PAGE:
Your heart has four valves that keep blood flowing in the correct direction. The valves open and close once during each heartbeat. Sometimes, the valves don't open or close properly, disrupting the blood flow through your heart to your body. In a condition called stenosis, a valve isn't able to open properly. In a condition called regurgitation, a valve doesn't close properly and can leak.
Heart valve disease includes:
- Aortic valve disease
- Mitral valve disease
- Pulmonary valve disease
- Tricuspid valve disease
The multispecialty team offers evaluation and treatment for conditions including:
- Aortic stenosis
- Mitral stenosis
- Mitral regurgitation
- Pulmonary stenosis
- Complex coronary artery disease
Your heart valve disease treatment depends on the valve affected and the type and severity of the valve disease. Sometimes heart valve disease requires heart valve surgery.
Treatment options at the SoutheastHEALTH Heart Valve Clinic include:
- Traditional surgery
- Minimally invasive surgery - TAVR and Perceval
- Hybrid procedure (minimally invasive valve surgery with simultaneous percutaneous intervention)
- Balloon valvuloplasty
- Percutaneous valve repair
Heart valve surgery can result in:
- Improved quality of life
- Prolonged life
- Reduced symptoms
- Preservation of the function of your heart muscle
While all open-heart surgeries involve some risk, major complications are rare because of improved technology and surgical techniques. Most heart valve repair and replacement surgeries are successful in restoring the function of your heart with a low rate of complications.
Complications could include:
- Heart attack
- Irregular heart rhythm (arrhythmia)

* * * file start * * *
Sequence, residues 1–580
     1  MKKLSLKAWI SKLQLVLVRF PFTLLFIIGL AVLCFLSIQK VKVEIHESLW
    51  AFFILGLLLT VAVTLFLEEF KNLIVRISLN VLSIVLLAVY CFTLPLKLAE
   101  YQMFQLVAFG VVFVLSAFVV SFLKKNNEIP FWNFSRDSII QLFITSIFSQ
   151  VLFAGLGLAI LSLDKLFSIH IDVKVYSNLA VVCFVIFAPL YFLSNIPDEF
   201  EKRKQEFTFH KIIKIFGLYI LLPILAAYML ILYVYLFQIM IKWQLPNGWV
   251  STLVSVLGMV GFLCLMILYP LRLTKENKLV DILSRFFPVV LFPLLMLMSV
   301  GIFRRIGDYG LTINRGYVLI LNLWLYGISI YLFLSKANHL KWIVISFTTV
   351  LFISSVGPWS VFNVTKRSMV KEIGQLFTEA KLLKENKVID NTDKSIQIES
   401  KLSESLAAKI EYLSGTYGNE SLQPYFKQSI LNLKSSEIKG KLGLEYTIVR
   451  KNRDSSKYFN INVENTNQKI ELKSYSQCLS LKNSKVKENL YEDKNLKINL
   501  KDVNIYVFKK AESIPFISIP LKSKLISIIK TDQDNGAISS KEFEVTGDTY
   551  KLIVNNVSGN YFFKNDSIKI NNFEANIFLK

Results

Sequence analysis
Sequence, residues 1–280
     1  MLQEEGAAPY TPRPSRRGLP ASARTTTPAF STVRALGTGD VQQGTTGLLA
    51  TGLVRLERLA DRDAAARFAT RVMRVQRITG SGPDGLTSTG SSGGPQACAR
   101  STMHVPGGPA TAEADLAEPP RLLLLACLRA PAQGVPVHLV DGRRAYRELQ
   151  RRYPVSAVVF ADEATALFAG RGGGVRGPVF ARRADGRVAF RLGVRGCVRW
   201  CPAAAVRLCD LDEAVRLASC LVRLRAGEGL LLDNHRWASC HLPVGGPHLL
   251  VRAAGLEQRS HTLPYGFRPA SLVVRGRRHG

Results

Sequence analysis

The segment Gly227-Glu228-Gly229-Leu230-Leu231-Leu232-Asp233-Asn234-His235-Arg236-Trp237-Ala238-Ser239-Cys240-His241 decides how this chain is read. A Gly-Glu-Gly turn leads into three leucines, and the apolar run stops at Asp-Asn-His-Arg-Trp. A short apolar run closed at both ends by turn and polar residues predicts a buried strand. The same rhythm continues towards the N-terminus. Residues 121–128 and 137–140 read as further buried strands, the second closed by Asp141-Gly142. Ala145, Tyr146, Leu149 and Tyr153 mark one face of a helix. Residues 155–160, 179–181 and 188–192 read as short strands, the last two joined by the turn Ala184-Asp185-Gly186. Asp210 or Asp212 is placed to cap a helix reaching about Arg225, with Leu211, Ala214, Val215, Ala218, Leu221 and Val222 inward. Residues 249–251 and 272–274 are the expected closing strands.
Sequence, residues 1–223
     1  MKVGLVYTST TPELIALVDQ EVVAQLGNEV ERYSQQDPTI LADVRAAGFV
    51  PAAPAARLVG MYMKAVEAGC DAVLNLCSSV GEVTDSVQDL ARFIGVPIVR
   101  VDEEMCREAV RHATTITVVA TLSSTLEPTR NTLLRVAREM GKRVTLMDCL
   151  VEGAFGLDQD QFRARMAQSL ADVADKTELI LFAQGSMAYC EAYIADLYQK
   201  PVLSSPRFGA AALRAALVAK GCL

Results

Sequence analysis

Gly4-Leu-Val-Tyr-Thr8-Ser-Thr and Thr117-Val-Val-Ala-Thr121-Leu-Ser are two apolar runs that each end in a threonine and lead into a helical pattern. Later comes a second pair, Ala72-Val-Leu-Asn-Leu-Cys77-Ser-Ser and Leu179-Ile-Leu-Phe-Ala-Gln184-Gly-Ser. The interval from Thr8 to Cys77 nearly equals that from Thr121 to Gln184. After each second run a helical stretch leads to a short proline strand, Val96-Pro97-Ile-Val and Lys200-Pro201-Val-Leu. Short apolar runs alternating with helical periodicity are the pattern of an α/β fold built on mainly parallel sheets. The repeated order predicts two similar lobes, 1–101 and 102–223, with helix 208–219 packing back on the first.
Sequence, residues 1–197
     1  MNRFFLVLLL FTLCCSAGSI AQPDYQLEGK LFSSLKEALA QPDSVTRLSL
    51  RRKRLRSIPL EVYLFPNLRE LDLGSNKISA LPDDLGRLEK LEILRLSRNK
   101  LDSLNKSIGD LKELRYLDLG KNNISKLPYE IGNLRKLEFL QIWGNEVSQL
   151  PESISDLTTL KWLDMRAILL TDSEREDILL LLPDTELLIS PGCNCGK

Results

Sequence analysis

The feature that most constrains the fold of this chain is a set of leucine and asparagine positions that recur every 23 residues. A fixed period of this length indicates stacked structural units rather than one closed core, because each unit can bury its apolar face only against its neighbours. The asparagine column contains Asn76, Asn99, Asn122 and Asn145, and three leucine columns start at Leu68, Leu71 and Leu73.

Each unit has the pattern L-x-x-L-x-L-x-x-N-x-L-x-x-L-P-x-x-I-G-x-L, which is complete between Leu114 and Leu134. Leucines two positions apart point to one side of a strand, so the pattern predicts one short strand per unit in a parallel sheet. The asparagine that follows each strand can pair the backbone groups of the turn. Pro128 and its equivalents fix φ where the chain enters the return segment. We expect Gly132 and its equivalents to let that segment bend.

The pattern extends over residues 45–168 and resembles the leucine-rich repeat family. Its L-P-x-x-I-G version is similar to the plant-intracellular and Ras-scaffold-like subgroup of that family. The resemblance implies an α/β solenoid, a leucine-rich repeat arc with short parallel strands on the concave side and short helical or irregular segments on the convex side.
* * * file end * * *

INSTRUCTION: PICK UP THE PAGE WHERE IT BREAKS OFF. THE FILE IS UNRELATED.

- Surgery needed for a new valve, in some instances, if the heart valve fails over time
Transcatheter Aortic Valve Replacement (TAVR)
involves placing a new aortic valve into the body via a catheter inserted through a small incision in the leg or chest, guided to the heart through the circulatory system. TAVR can offer a much shorter recovery time of 1-2 weeks versus 6-8 weeks with the traditional sternotomy (open chest surgery).
To find out if you are a candidate for TAVR, call 573-331-6770.
The Benefits of TAVR:
- Performed without stopping the heart
- No need for cardiopulmonary bypass
- Minimally invasive procedure that can result in a shorter hospital stay and faster recovery time
Qualifications for Potential Candidates:
- Patients with severe aortic stenosis with a history of:
- Previous sternotomy
- Previous radiation to the chest
- Porcelain (calcified) aorta
- Cerebral or peripheral vascular disease
- Lung disease
- Chronic kidney disease
- OR other coexisting medical conditions
The leaflets of a stenotic or calcified aortic heart valve are unable to open wide, obstructing blood flow from the left ventricle into the aorta which may cause symptoms like severe shortness of breath.
What is a Severe Aortic Stenosis?
Severe aortic stenosis is a condition in which the opening of the aortic valve becomes narrow, restricting blood flow from the heart. Symptoms include chest pain and chest pressure. It can also cause blood to back up into the lungs, resulting in shortness of breath. It often develops debilitating symptoms that can restrict normal day-to-day activities, such as walking short distances or climbing stairs.
“Over time, the valve can become calcified, preventing it from opening and obstructing blood flow. Open-chest surgery is the traditional treatment method for this condition, but catheter-based valve replacement gives hope to patients who cannot undergo surgery for a variety of reasons.”
Paul Robison, MD, MMM, FACS, FACC, FACCP, Cardiothoracic Surgeon, Heart Valve Clinic
Interventional Cardiologist, Steven Carr, MD
SoutheastHEALTH’s quality outcomes and technologically advanced facility lend to the many reasons it is among one of the few hospitals in the nation selected to receive and treat patients with the TAVR technology since its FDA approval.